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2 November 2016, 07:17 | Updated: 2 November 2016, 08:39
Benefit claimants in Scotland are projected to lose out on more than £2 billion a year under UK Government welfare reforms, according to a new report.
Researchers at Sheffield Hallam University put the financial loss to Scottish claimants of cuts announced since the 2015 general election at just over £1 billion a year by 2020-21.
The loss comes on top of a cut of about £1.1 billion a year as a result of changes to benefits implemented between 2010 and 2015.
The biggest annual financial loss of £300 million is expected to come from a four-year freeze in the value of most working-age benefits, with reductions in work allowances within universal credit forecast to amount to £250 million.
Large losses are also expected to come from the changeover from disability living allowance to personal independence payments (£190 million) and reductions in tax credits (£140 million).
The report to the Scottish Parliament's Social Security Committee said the new, lower benefit cap of £20,000 would also hit an estimated 11,000 households in Scotland, compared to just 900 affected by the existing cap.
Deprived areas with the highest rates of people out of work will be most affected by the reforms, with the biggest impact falling on Glasgow, which is expected to lose £167 million a year - or an average of £400 per working age adult - as a result of the post-2015 welfare reforms by 2020-21.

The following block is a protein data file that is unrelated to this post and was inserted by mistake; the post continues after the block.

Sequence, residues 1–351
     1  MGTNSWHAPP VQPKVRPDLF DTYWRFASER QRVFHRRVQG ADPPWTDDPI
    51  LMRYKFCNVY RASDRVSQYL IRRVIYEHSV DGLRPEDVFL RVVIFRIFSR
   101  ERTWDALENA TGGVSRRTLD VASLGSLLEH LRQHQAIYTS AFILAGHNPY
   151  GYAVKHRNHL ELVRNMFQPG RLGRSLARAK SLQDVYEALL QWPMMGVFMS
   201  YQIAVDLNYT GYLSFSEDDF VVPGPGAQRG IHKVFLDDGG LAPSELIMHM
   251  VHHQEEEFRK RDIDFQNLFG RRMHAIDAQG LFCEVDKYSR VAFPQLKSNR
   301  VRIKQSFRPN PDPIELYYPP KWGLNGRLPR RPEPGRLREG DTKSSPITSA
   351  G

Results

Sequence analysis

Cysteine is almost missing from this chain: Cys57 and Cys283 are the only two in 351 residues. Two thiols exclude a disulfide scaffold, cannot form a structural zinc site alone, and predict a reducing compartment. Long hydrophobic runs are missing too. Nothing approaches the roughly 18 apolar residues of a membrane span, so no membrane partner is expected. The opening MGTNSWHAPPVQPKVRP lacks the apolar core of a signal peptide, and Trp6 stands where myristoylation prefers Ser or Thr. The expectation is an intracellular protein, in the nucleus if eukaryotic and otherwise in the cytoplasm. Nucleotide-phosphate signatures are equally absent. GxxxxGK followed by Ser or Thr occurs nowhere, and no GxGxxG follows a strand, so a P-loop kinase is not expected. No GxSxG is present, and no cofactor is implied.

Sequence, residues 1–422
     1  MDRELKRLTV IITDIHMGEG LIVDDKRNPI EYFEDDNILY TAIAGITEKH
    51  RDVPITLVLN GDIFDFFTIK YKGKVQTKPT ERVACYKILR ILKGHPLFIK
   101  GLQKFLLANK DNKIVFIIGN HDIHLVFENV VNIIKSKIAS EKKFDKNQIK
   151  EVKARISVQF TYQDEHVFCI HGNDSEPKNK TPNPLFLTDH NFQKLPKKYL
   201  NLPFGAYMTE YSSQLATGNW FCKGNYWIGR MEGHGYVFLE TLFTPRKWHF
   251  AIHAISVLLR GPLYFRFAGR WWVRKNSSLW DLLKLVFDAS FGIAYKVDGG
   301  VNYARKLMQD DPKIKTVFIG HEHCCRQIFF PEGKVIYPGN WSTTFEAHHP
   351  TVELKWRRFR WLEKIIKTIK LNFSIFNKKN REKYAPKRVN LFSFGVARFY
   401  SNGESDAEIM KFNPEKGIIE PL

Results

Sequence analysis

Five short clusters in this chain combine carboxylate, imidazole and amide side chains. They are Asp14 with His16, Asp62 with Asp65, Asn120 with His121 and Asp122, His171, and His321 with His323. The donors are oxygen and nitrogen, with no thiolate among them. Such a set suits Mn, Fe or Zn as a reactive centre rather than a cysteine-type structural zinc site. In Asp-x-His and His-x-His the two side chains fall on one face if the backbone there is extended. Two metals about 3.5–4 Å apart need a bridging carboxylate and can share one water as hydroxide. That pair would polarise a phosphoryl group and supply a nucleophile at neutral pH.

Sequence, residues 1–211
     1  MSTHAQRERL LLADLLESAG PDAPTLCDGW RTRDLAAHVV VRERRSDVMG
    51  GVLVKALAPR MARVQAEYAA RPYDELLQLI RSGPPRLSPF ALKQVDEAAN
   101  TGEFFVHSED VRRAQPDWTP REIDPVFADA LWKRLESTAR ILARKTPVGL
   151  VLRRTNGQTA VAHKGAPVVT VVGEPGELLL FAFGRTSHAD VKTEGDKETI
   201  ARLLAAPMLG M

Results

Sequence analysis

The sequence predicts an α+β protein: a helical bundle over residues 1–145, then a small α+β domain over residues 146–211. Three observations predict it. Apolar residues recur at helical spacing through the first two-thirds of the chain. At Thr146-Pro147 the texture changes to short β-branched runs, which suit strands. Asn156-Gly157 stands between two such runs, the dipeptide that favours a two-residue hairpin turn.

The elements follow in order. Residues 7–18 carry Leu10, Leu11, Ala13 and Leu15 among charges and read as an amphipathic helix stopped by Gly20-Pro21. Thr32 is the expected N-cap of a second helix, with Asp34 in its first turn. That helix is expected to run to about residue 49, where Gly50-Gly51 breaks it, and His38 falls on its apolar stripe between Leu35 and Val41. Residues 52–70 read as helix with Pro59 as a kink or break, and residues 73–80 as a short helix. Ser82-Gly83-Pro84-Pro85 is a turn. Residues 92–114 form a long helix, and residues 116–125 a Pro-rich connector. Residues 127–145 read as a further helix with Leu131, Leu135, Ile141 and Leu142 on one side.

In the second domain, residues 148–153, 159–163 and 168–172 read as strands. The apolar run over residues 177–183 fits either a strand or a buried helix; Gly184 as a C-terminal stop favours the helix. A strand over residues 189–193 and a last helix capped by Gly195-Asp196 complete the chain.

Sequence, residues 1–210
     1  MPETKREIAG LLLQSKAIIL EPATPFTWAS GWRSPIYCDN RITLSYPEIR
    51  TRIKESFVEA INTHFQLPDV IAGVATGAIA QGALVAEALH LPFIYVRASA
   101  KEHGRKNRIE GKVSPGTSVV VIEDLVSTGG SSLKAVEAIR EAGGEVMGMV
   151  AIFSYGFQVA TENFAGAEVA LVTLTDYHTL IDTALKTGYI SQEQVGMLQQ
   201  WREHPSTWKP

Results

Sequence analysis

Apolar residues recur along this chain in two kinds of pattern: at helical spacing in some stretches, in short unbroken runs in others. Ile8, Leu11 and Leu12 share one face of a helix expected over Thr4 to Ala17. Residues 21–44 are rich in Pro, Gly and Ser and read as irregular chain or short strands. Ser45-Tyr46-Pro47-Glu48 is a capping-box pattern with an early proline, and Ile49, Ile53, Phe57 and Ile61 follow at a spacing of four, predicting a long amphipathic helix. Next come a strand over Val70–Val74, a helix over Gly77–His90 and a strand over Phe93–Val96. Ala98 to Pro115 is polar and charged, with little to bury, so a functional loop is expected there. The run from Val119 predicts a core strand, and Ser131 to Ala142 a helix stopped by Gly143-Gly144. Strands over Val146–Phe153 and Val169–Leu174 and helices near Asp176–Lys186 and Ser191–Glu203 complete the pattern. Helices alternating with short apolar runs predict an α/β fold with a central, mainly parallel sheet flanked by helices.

Researchers said West Dunbartonshire, Inverclyde, Dundee, North Lanarkshire and North and East Ayrshire would also be hit hard.
Their report said that while parallel changes in tax allowances, the minimum wage, and childcare ''may go some way to offsetting the financial losses for some claimants'', it was ''questionable whether the welfare reforms themselves will result in higher employment or increases in earnings''.
Co-author Professor Steve Fothergill said: ''The new welfare reforms impact significantly on millions of households across the whole of Britain, including in Scotland.
''Increases in personal tax allowances, the introduction of the national living wage and new support towards childcare costs will go some way to offsetting the financial losses. But the winners and the losers will not always be the same people and it looks unlikely that the full financial loss will be offset.
''It is also questionable whether the welfare reforms will result in more people finding work or increasing their hours.''
Committee convener Sandra White said: ''Our welfare system was meant to be a safety net to help those most in need in our communities.
''Yet today this research shows that the biggest losers from the latest round of UK Government welfare reforms are once again the poorest in our society.
''Whilst Scotland will take control of 15% of welfare spend its clear that the majority of people in Scotland will continue to be negatively impacted upon due to the UK Government's approach to welfare.
''I hope this research acts as a wake-up call to the UK Government that their approach to welfare reform just isn't working.''